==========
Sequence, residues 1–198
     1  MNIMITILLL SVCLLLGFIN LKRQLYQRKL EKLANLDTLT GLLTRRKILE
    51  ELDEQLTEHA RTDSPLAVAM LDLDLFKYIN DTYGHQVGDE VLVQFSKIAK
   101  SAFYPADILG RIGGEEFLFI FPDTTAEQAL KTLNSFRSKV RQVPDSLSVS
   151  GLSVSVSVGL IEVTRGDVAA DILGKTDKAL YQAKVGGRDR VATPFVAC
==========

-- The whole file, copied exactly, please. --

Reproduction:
Sequence, residues 1–198
     1  MNIMITILLL SVCLLLGFIN LKRQLYQRKL EKLANLDTLT GLLTRRKILE
    51  ELDEQLTEHA RTDSPLAVAM LDLDLFKYIN DTYGHQVGDE VLVQFSKIAK
   101  SAFYPADILG RIGGEEFLFI FPDTTAEQAL KTLNSFRSKV RQVPDSLSVS
   151  GLSVSVSVGL IEVTRGDVAA DILGKTDKAL YQAKVGGRDR VATPFVAC